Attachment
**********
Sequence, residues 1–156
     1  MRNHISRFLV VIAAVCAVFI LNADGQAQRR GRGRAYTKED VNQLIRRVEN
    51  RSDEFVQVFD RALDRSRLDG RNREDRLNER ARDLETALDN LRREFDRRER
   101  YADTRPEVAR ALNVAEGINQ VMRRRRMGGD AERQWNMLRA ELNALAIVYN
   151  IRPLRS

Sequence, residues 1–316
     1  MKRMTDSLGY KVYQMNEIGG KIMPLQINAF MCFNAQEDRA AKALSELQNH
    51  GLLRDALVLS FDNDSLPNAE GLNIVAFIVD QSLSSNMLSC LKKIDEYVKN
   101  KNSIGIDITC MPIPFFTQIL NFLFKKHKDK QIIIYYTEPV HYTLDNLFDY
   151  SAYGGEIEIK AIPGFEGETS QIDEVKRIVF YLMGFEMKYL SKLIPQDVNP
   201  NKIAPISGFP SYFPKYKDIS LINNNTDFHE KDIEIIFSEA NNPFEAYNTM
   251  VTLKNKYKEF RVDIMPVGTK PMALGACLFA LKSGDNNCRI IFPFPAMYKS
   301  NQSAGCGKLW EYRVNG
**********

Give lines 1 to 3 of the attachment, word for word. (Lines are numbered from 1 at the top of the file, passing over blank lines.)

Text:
Sequence, residues 1–156
     1  MRNHISRFLV VIAAVCAVFI LNADGQAQRR GRGRAYTKED VNQLIRRVEN
    51  RSDEFVQVFD RALDRSRLDG RNREDRLNER ARDLETALDN LRREFDRRER